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    A large part of my experience has been around managing people rather than software.

    As the team starts to grow, the segmentation of goals and effort requires a constant adjustment to make sure that the work division in the organization is consistent and balanced. This is achieved by a nice mix of adapted key performance indicators, strong management relays and open direct discussions. There is no magic recipe to build the correct set of humans and technical skills but listening aptitudes and bold actions when required.

    Cost saving, and resource optimization is an operational state of mind, if one want to avoid the dramatic cycle of inconsiderate spending and painful restrictions. In many cases headcount is the number one factor in engineering budget management, so it requires a big attention, as it very easily impact motivation and productivity.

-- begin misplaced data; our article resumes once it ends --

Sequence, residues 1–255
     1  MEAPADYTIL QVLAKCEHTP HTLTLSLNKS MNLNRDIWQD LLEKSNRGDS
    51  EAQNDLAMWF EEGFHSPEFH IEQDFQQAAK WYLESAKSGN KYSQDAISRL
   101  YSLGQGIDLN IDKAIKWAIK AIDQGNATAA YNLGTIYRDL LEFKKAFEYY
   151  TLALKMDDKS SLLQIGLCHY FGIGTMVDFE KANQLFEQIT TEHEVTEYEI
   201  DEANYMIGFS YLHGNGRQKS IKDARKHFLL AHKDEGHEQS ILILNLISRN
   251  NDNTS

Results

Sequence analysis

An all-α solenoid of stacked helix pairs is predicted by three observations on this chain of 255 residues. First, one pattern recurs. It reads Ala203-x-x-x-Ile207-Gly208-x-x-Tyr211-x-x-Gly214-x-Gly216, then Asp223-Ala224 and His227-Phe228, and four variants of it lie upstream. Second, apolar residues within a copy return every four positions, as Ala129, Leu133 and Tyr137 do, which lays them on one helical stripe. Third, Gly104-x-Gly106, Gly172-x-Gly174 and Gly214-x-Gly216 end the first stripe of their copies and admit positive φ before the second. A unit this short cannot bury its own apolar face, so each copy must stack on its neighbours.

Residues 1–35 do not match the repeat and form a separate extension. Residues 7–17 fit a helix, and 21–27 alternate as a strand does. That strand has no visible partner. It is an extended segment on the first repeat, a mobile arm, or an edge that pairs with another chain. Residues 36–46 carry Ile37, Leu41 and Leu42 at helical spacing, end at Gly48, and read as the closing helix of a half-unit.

Money is rarely the only correct answer to attrition control. Despite challenging budget I’ve been able to reach a very low level of turnover in my team (always less than 5%) despite rough periods and uncertain times. There are many sources of satisfaction for team members and working on those eventually pays off.

    Education and training are keystones of the team backbone. It both contributes to productivity and personal satisfaction, as by building on people expertise the team get stronger and more adaptive, committed, and hyper efficient on assigned goals, and proud of its own work, initiating a positive virtual cycle.